Law #1: People will get jobs doing things that computers can’t do. Law #2: A global market place will result in lower pay and fewer opportunities for many careers. (But also in cheaper and better products and a higher standard of living for American consumers.) Law #3: Professional people will more likely be freelancers and less likely to have a steady job.
[But]…Laws #1 & 2 predict that there will likely be fewer STEM jobs in the future – they are both easily computerized and tradable. People will always be employed in STEM disciplines, many of them highly paid, but they’ll be paid for smarts rather than education. The disciplines will be much more competitive, with older and less talented workers left on the sidelines. Tom Friedman and Alex Tabarrok, reflecting conventional wisdom, are mistaken in maintaining that increasing STEM education is a key to future economic competitiveness.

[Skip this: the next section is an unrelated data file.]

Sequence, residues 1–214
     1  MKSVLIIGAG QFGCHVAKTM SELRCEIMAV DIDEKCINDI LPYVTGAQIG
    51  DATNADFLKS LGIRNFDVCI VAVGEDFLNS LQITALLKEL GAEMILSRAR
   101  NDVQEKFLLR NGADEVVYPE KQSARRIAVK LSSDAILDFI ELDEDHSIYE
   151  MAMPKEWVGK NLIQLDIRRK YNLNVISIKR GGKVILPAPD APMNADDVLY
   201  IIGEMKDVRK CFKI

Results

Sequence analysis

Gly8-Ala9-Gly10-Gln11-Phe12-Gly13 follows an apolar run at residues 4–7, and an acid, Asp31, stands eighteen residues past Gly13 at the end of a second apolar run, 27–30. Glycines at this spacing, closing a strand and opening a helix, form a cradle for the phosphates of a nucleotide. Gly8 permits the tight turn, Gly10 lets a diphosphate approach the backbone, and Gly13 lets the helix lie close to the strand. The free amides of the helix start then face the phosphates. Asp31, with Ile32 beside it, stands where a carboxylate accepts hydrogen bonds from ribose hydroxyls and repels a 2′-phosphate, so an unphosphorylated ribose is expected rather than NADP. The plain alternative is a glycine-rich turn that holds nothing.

Jelski instead recommends English lit and psychology, at least if you are young and hot! The logic–computers don’t write well and people don’t want to have sex with or be counseled by computers (yet!),–seems strong but wage rates and unemployment levels don’t support the argument. Jelski is correct about demand but forgets to take into account supply. Thus, the way to go is to be a hot engineer who can write well and get along with other people. (Jelski also forgets that my argument for STEM was in large part about the spillover effects).
I am in strong agreement with Jelski, however, that education is only the first step to success. Education is a tool; to truly succeed one must have skills developed with grit and applied with passion.